More Children visit Hospitals after marijuana legalization in Colorado

Posted by Sagar Satapathy on July 27, 2016.

Ever since the Colorado administration legalized marijuana for recreational use, more children are ending up in the emergency room or needing other treatment after accidentally consuming marijuana across the state, according to a new study-- published on Monday in the medical journal JAMA Pediatrics.

Researchers headed by a doctor at the University of Colorado Anschutz Medical Campus found that marijuana exposure in children, mostly toddlers, have increased 150 percent since 2014, when the marijuana became legal for adult recreational use in the state.

The visiting of children to the children Hospital emergency room in 2014 and 2015 became twice to the previous years of marijuana legalization, while annual poison-control cases increased five-fold after the opening of recreational marijuana stores in the state, the study reports.

It is also found that marijuana-related poison-control calls for the children of 9 years and younger make up about two out of every 1,000 calls. According to the study, most pediatric marijuana exposures involved infused edible products such as cannabis-laced brownies, cookies, candy and the like; many exposures happened because marijuana products weren't in child-resistant containers.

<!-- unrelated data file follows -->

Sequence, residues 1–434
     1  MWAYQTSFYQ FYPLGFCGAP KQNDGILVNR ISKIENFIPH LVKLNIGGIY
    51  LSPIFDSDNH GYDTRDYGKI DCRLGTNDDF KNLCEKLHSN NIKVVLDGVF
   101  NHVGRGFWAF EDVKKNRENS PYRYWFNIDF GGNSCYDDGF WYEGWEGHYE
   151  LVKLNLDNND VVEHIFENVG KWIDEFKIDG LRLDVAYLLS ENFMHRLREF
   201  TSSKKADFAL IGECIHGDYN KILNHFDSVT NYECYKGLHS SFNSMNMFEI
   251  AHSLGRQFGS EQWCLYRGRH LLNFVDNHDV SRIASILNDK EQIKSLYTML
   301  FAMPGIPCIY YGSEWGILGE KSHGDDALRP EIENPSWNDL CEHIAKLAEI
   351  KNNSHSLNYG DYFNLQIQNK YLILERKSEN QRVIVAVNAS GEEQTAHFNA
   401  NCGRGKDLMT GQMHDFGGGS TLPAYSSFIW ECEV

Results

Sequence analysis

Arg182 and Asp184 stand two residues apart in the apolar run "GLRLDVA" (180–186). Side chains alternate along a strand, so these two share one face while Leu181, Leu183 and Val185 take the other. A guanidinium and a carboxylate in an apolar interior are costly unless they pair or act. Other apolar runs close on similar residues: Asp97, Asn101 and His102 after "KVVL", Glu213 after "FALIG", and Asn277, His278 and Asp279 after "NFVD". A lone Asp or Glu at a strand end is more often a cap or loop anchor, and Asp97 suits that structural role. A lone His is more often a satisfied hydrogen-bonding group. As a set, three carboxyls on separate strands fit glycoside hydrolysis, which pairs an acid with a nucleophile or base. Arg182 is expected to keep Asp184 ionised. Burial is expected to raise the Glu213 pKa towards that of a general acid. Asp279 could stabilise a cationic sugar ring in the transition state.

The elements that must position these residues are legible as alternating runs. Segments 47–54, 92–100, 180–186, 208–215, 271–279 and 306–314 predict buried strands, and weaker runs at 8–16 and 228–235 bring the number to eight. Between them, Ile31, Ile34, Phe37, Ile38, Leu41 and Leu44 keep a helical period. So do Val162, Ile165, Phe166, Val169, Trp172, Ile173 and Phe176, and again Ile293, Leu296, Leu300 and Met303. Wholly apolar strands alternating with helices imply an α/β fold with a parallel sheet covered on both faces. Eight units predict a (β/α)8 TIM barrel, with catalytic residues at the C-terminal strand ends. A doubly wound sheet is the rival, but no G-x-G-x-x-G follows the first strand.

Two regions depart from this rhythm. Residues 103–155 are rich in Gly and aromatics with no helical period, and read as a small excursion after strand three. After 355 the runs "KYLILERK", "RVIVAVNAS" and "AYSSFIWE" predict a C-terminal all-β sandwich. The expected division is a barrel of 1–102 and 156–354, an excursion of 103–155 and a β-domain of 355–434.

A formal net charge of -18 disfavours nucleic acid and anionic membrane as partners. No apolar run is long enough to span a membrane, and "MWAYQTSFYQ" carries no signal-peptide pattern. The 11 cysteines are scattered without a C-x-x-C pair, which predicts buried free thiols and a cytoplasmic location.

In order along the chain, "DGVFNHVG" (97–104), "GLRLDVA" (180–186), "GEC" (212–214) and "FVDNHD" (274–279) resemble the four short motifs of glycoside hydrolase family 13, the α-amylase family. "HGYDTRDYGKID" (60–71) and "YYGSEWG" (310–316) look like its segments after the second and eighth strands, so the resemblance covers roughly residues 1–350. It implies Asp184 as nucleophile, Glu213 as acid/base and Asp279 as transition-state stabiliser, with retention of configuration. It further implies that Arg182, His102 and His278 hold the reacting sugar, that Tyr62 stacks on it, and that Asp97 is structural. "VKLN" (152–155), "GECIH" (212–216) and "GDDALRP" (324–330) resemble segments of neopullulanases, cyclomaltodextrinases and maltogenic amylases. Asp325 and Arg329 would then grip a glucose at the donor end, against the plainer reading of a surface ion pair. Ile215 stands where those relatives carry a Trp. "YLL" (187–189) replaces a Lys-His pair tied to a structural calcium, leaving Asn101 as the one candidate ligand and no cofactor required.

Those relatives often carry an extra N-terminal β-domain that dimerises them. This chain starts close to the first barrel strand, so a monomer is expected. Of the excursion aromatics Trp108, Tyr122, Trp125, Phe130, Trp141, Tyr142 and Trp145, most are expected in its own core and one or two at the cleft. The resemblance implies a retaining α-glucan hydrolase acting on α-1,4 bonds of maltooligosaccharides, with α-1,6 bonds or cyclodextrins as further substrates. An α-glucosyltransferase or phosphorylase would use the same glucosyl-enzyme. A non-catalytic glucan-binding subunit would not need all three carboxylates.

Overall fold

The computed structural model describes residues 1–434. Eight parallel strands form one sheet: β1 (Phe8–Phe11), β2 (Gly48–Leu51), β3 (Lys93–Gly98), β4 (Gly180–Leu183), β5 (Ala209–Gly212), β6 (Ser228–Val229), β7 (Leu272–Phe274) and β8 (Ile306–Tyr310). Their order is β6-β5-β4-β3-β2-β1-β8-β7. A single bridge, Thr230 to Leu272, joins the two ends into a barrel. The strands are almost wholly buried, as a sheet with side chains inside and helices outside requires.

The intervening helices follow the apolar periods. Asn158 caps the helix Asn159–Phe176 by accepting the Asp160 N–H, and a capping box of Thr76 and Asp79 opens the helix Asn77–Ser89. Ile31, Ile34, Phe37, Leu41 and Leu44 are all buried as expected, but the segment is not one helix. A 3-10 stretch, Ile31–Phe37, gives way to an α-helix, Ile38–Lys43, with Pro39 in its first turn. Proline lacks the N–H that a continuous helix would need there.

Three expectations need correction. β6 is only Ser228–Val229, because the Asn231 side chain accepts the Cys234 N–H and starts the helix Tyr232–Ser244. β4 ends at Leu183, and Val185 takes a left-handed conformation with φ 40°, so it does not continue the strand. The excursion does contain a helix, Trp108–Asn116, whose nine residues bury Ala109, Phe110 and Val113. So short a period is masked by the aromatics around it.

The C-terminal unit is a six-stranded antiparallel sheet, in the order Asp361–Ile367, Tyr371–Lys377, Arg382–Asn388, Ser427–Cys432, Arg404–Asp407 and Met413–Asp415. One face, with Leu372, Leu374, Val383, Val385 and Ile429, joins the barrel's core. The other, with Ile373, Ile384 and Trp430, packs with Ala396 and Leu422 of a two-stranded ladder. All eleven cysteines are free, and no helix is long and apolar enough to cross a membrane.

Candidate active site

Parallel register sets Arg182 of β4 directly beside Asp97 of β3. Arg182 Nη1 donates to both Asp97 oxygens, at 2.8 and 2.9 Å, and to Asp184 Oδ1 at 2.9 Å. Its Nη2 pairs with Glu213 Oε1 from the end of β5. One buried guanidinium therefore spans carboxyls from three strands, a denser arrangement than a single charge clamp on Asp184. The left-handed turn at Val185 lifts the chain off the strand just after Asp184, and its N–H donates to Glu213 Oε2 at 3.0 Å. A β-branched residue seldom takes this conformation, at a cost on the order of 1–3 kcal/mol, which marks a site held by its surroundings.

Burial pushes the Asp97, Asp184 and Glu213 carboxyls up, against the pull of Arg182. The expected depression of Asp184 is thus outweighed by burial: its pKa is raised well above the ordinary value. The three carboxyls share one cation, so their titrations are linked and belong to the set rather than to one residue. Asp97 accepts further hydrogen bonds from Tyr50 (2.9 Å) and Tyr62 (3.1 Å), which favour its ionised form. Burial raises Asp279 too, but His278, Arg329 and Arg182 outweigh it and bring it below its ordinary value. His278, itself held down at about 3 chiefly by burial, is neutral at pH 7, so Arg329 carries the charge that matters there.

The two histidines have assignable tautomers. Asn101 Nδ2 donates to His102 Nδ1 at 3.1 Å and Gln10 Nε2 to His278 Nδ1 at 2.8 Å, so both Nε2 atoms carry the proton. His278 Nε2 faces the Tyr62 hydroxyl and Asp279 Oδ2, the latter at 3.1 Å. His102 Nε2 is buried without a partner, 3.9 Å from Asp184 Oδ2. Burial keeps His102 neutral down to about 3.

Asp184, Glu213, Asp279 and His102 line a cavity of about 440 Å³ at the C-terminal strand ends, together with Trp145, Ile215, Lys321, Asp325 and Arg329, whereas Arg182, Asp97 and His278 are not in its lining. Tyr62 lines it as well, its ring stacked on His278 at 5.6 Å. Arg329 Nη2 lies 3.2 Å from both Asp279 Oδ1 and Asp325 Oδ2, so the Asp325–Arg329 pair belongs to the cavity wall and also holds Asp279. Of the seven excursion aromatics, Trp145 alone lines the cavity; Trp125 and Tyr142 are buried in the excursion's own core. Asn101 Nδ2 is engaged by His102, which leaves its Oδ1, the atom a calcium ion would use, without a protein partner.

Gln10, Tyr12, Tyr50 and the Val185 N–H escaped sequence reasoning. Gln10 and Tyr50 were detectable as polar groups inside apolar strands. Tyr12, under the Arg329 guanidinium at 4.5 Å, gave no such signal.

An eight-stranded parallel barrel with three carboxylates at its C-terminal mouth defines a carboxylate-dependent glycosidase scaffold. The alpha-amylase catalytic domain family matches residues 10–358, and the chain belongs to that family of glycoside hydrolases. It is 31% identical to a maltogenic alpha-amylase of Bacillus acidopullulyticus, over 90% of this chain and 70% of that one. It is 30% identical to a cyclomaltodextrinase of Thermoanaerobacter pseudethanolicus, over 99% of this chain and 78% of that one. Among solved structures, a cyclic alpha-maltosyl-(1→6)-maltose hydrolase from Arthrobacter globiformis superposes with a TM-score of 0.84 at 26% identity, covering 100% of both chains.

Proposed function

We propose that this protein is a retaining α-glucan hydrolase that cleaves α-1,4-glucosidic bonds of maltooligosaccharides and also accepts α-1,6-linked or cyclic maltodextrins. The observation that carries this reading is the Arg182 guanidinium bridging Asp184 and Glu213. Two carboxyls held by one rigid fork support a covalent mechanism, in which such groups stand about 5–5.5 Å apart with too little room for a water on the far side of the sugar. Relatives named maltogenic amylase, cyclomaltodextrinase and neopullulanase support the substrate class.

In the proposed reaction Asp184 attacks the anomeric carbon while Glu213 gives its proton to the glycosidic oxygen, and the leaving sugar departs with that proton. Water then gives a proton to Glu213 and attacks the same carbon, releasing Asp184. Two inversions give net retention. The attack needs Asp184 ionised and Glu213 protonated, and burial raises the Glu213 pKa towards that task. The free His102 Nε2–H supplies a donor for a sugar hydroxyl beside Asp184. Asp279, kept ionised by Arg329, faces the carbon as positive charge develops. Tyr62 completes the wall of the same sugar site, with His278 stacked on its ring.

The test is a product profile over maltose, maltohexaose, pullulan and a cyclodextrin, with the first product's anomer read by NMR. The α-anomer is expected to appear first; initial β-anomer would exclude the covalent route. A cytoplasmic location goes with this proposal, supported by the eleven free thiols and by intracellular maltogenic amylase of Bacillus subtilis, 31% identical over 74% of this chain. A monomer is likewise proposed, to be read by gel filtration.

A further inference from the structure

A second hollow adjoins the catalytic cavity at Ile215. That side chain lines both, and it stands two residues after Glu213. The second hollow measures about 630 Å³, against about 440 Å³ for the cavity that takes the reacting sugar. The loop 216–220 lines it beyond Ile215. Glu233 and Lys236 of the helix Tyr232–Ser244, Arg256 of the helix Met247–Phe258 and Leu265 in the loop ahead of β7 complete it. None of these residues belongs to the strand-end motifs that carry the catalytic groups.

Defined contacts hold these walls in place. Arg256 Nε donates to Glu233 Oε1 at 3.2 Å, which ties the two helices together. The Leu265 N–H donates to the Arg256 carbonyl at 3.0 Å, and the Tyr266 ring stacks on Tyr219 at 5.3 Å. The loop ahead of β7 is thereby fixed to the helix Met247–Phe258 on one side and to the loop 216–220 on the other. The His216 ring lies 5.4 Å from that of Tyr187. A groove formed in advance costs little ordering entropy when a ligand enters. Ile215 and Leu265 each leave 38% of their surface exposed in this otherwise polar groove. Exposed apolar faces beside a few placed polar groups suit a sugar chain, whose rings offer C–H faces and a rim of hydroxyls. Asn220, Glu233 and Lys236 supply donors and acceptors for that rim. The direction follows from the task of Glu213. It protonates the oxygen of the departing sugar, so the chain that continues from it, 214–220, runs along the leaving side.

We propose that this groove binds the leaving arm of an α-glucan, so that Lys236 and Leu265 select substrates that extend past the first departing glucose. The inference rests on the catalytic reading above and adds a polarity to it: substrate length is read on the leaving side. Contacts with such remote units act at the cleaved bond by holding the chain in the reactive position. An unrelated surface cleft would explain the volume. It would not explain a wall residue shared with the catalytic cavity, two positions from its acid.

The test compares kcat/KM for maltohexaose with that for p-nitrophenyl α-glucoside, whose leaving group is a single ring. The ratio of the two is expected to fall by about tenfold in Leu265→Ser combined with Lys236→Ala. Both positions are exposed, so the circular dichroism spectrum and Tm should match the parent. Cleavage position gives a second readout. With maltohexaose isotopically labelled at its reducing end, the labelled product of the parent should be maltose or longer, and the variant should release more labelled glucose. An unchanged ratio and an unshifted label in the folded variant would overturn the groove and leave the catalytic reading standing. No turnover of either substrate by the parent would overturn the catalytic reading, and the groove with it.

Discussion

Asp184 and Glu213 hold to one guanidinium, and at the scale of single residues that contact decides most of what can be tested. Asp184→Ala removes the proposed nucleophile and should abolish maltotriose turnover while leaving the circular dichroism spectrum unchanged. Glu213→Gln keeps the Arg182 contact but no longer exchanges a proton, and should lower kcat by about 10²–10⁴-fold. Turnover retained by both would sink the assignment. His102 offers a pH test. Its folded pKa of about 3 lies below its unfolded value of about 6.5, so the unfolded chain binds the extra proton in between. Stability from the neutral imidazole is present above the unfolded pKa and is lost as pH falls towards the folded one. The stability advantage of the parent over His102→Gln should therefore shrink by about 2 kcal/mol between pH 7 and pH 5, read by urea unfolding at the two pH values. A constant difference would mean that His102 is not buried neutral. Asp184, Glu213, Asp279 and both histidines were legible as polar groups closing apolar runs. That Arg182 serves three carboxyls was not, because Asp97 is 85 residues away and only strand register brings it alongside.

The clinical effects of marijuana exposure to the children included drowsiness, lethargy, agitation, vomiting, respiratory depression; muscle rigidity etc., says the study. Ingestion of edible products continues to be a major source of marijuana exposures in children and poses a unique problem because no other drug is infused into a palatable and appetizing form, the study finds.

Notably, medical use of marijuana has been legalized in 25 states in the USA. Colorado decriminalized medical marijuana in 2000, while marijuana became available in the state for recreational use, allowing products to be sold to people 21 and older, in 2014.

comments powered by Disqus